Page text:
For years the claims and disclosures made by companies and providers of financial products relating to environmental, social and governance (ESG) issues have lacked a consistent framework. This will change shortly as a flurry of new regulations force market operators to take a critical look at their activities.
During the last decade, the value of financial assets classified as ESG investments has increased almost exponentially. According to some estimates, they could exceed US$ 53 trillion by 2025. At the same time, the range of ESG-related financial products has increased. Further, in the aftermath of the recent COP26 climate summit, “green finance” has been singled out as an important tool for combatting climate change.
However, how “green” some of these products are may be questionable. For instance, some products that essentially track a general stock market index with a very limited ESG allocation component have been marketed as green. Similarly, it may be difficult for interested outside observers, including sophisticated external asset managers (EAMs), to decide whether the ESG efforts of potential investments – whether listed or private companies – amount to a genuine plan of action or whether they should be dismissed as “greenwashing”.
In fact, due to the lack of clear ESG standards in many market sectors, numerous companies may find it challenging to determine whether their actions actually have the desired impact. Thus, if a company lacks a clear plan and philosophy on ESG goals and how to implement the stated principles in practice, its well-intended efforts may be reduced to mere “box ticking”, which can drain a company’s resources.
New regulations coming
Regulators in many jurisdictions have taken heed and have released, or are in the process of rolling out, substantive rules intended to clarify the application of ESG metrics, as well as to reign in some of the excesses in disclosures and representations. The most significant developments in the near future are expected from the EU and the United States.
We already see substantial movement in the EU, with even more expected in the near future. In order to meet the EU’s climate and energy targets for 2030, and reach the objectives of the European Green Deal (a set of proposals affecting EU climate, energy, transport and taxation policies with a goal to reduce net greenhouse gas emissions by at least 55% by 2030, compared to 1990 levels), the EU Commission has concluded that a common language and a clear definition of what is ‟sustainable” is needed. Thus, as a part of its action plan for financing sustainable growth, the Commission enacted Taxonomy Regulations that entered into force on 12 July 2020. These regulations serve as a classification system, listing economic activities considered environmentally sustainable. A first delegated act of sustainable activities was formally adopted on 4 June 2021 for scrutiny by the co-legislators, and a second delegated act for the remaining objectives will be published in 2022.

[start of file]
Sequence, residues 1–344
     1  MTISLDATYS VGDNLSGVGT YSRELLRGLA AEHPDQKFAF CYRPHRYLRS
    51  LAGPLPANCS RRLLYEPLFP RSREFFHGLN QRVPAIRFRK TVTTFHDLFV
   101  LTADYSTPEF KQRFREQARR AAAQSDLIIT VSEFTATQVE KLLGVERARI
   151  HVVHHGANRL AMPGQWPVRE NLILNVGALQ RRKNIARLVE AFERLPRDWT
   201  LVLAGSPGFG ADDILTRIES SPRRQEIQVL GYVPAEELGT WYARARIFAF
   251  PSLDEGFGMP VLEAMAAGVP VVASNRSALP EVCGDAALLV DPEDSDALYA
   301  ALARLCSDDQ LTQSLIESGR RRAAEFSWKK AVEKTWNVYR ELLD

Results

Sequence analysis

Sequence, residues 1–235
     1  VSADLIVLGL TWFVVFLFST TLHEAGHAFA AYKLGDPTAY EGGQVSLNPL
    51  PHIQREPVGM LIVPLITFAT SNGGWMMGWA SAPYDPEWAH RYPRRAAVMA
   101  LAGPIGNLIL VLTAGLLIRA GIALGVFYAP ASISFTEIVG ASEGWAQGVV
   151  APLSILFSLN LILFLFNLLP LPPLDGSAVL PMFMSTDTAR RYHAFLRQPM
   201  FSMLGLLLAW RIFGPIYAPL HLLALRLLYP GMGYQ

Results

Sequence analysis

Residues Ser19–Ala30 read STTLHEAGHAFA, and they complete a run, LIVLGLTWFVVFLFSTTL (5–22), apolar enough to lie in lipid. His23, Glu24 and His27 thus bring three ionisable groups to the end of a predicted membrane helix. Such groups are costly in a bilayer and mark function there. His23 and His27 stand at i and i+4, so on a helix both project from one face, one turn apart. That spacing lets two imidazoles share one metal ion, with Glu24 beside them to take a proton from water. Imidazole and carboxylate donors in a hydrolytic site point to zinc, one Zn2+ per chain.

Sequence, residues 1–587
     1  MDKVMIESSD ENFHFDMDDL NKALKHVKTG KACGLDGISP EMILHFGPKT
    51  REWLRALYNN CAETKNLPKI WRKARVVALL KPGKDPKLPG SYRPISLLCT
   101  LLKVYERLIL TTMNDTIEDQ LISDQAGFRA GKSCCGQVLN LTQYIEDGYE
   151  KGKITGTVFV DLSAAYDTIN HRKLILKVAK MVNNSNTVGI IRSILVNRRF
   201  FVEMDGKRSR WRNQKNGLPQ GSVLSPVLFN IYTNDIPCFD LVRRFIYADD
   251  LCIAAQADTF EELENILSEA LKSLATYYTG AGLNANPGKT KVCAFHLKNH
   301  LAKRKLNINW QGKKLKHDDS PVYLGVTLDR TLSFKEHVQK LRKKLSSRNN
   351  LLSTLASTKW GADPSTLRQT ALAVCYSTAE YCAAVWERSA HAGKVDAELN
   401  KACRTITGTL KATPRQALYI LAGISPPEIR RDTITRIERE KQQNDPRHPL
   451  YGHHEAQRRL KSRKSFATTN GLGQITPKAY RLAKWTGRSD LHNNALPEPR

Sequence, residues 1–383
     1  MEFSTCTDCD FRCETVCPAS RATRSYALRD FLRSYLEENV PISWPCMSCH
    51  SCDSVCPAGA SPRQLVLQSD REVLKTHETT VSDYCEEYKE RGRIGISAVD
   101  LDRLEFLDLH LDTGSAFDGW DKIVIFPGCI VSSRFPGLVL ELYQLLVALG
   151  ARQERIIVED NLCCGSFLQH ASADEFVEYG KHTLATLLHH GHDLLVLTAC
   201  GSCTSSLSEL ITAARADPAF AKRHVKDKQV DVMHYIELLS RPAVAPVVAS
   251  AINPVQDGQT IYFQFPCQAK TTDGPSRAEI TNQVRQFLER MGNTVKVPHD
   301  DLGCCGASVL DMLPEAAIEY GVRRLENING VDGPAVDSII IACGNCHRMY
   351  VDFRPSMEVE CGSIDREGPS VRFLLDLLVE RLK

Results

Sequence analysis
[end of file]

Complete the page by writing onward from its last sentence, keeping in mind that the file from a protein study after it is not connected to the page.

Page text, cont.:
In the United States, the regulatory picture is also quickly becoming clearer. According to the Securities and Exchange Commission (SEC) Chairman, Gary Gensler, the agency wants mandatory disclosure on climate risks, and it may move with urgency on new rules. Such rules would require issuers to provide their investors (and investment professionals) with consistent, comparable and decision-useful ESG-related disclosures. The proposed rules should be released by the end of 2021.
These proposed rules and regulations, and similar ones in other jurisdictions, if implemented in a well-balanced manner, should help EAMs to scrutinize and compare the ESG characteristics of financial products and companies, and select appropriate investments that meet their clients’ preferences.
However, any regulations aiming to address such complex issues will naturally be imperfect. So, instead of relying blindly on mandatory ESG disclosures, EAMs are responsible for evaluating the ESG characteristics of any investment, and related risks, independently or through reliable third-party analysis and metrics. While relying on trusted outside advisors is advisable, developing relevant in-house knowledge, such as familiarity with applicable regulations, will become ever more important as ESG considerations become deeply incorporated into the investment management process.
EAMs must also be sure to understand their clients’ ESG goals when implementing investment decisions. This task will require client management skills that emphasize clear and open communication in order to avoid any misunderstanding of clients’ wishes, as well as the ability to explain why certain decisions were taken.